Thursday, January 14, 2010
I Think We’re Turning Japanese!
The striking similarities between trends in the U.S. and Japan during and after their respective bubble epoch’s are well known by now… raging stock markets and raging property markets fueled by exuberant speculation on the part of “investors” and just about everyone else leading to a final magnificent debt-laden crescendo, the financial system on the brink of destruction and finally a government sponsored zombie-economy with a lifeless on-again off-again recovery.
In Japan’s case the initial “recovery” was only one of a string that would encompass the following 20 years (and still running weak!), all of which failed to restore economic trends to peak levels and lead to a constant struggle with deflation and disappointment.
First Japan was said to have experienced a “lost decade”… now they are closing in on a “lost score”.
The U.S. has just completed a lost decade of its own with both stocks and jobs declining since the late 1990s yet in a land of “jobless recoveries” and “getting back to even” you rarely hear about it in the traditional media.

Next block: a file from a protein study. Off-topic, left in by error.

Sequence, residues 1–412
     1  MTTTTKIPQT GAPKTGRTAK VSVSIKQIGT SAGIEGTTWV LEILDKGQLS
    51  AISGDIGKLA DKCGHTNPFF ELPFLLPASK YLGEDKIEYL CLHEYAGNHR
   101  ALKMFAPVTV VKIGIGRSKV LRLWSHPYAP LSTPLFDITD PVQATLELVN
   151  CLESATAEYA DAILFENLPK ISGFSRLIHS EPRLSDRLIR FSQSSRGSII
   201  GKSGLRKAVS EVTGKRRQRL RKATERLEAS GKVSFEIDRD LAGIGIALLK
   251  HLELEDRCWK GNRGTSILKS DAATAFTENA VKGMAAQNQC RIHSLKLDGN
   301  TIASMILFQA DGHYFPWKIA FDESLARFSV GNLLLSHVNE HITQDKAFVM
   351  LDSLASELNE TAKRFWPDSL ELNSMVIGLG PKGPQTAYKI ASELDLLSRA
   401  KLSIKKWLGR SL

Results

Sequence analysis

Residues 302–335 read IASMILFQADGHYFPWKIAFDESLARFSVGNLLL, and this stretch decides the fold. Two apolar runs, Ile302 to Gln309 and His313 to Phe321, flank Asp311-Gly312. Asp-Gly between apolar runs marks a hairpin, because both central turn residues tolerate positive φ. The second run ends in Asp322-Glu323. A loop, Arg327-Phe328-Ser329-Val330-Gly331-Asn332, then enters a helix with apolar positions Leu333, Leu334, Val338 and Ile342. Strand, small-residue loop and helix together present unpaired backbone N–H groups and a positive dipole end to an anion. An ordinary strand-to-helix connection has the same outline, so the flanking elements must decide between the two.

We share similar demographic problems as well… over the last 40 years the population of people age 65 and older has exploded in Japan reaching a current record among all nations of 21%... over the next 40 the U.S. will see a nearly identical shift.
Given all the similarities it’s certainly plausible to expect our residential property markets, post-crash, to trend similarly as well, especially in light of the ongoing contraction of consumer credit and tightening of credit standards as well as the significant backlog of distress, both seen and unseen (shadow inventory, forced landlords, etc.), that is pent up in the U.S. property markets.
The following chart (click for super-dynamic zoom-able chart) shows Japan residential property prices (for six of its largest metros) shifted in time so as to align Japan’s bubble peak from 1991 with that of the United States from 2005.
I’ve also projected the future trend for the U.S. (the red series) by using one half the annual declines seen in the Japan residential property markets as a guide.
Notice that to date, the annual declines have been fairly comparable.
Further, if we continue to trend similarly, the U.S. will see an additional 25% price decline over the next nine years bringing us to a nominal value first seen back in 1998.
In this sense, the seven years of pre-peak “housing mania” home price appreciation would be wiped out over the course of thirteen years of post-peak decline.